Social Security Basics

The Social Security program is funded through mandatory taxes everyone pays during their working years. When you reach retirement age you can apply for benefits.

This section offers information on a variety of issues related to Social Security. From how to apply for benefits, how early or late retirement will affect your Social Security payments, and who might be entitled to your benefits should you pass away.

You'll find in-depth information on the types of Social Security benefits available, including retirement and disability benefits. Learn how to file for benefits and contest a denial, how your pension and other retirement income impacts payouts, and how to understand your Social Security taxes and benefit statements.

Retirement age is between 62 and 67 (depending on when you were born and how long you worked). How much you receive in benefits largely depends on how much money you were able to pay in social security taxes during your working life.

People who apply for Social Security disability typically need to show medical records and or a letter from a doctor in order to prove they can no longer work.

If you're approaching retirement age, or simply planning for your future, you'll want to know how to ensure a secure, comfortable income when you retire or should disability prevent you from working. Understanding Social Security can provide some peace of mind. Social Security provides retired workers with a continued income after retirement and can provide important benefits to the disabled and dependents of a deceased worker. FindLaw's Social Security Basics section is here to provide the resources and answers you need to understand the Social Security system.

Understanding Your Retirement Benefits

Social Security is an earned benefit, funded through payroll taxes. To qualify for benefits later in life, you have to pay into the system, usually through working ten years or more. The size of your retirement benefits will be influenced by how much you paid into the Social Security system when you were working. Your benefits' size and availability can be impacted by a number of other factors as well, such as whether you take early, full, or late retirement.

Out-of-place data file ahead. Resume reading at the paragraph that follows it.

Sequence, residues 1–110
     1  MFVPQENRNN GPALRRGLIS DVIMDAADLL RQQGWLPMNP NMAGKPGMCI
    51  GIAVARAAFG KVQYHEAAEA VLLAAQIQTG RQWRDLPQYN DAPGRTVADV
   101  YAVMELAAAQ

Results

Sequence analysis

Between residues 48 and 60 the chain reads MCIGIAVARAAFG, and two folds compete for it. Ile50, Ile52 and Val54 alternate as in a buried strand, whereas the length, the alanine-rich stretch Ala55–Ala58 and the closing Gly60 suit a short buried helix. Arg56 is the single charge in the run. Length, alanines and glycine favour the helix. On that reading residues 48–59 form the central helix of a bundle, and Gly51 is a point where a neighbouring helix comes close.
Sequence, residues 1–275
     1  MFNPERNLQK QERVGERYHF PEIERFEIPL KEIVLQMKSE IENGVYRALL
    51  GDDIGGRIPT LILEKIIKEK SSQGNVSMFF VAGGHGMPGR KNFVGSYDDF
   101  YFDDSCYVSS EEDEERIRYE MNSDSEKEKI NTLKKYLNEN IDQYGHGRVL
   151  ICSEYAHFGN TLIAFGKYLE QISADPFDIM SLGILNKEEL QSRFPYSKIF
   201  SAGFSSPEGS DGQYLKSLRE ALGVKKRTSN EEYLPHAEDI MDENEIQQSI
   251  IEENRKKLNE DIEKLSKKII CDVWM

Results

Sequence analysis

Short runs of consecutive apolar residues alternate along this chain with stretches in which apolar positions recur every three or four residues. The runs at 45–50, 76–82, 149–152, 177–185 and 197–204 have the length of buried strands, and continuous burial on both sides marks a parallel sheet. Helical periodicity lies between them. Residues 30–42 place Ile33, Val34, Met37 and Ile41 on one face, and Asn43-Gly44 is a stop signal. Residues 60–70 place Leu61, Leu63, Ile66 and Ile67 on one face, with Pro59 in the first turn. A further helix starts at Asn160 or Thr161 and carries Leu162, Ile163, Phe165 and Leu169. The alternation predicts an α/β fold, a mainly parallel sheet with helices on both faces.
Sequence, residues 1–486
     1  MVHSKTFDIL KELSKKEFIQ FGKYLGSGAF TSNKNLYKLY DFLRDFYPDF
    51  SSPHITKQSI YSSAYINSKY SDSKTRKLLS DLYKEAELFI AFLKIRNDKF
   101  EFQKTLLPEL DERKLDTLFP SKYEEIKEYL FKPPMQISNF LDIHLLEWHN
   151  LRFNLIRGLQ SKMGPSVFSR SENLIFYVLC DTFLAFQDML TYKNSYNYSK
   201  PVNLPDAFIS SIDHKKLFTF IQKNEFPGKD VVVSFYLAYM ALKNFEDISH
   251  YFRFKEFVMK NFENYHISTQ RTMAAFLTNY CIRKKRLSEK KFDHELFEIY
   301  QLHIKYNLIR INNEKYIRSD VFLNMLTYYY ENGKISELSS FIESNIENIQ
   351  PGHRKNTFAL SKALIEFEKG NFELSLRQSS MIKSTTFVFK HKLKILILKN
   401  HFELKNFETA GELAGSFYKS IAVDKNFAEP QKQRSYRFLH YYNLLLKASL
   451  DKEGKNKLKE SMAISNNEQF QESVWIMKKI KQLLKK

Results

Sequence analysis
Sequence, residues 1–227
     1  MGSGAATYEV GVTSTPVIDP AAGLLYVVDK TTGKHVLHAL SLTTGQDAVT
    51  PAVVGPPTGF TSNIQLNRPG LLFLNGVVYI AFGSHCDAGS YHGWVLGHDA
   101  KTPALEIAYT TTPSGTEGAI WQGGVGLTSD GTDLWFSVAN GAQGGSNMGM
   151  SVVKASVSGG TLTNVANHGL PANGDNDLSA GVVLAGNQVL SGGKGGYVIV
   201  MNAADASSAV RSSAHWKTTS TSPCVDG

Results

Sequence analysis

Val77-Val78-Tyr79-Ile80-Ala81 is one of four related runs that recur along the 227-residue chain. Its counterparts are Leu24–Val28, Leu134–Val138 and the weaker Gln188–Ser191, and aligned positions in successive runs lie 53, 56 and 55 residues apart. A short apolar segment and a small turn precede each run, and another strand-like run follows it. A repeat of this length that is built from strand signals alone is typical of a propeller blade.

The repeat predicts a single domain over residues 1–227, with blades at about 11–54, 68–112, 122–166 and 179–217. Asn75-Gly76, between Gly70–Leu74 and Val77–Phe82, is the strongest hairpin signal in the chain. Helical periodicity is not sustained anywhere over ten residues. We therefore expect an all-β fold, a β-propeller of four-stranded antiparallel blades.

Even those who haven't worked a full ten years may be entitled to Social Security benefits in certain situations. Social Security can also provide benefits for those who are disabled or dependents and survivors of a deceased worker.

Social Security Disability Insurance Benefits

Workers who have paid into Social Security and become disabled before retiring may be able to collect Social Security disability insurance benefits. Social Security has a strict definition of disability. You must be unable to work in your previous occupation, unable to perform any new work, and unable to work for at least a year. You'll want to know your disability onset date, how to prove your disability, and whether certain impairments are covered.

How and When to Apply for Benefits

When you claim your hard-earned benefits, it will impact your Social Security payments for the remainder of your life. Early retirement can provide needed income as early as age 62, but delaying retirement until age 70 may result in much larger monthly payments.

Understanding the retirement age that is right for you can help you optimize your Social Security benefits. If you're applying for disability benefits, knowing how to prove that you're disabled will be essential to your claim.

Since many Social Security claims are initially denied, following our helpful tips can help you assemble a strong application.

What to Do if Your Claim Is Denied

If you apply for Social Security benefits and your claim is denied, you aren't alone. Over half of Social Security applications are initially denied. Many of these are later approved on appeal. Social Security has an established appeals process and you have the right to the aid of an attorney throughout.

Was this helpful?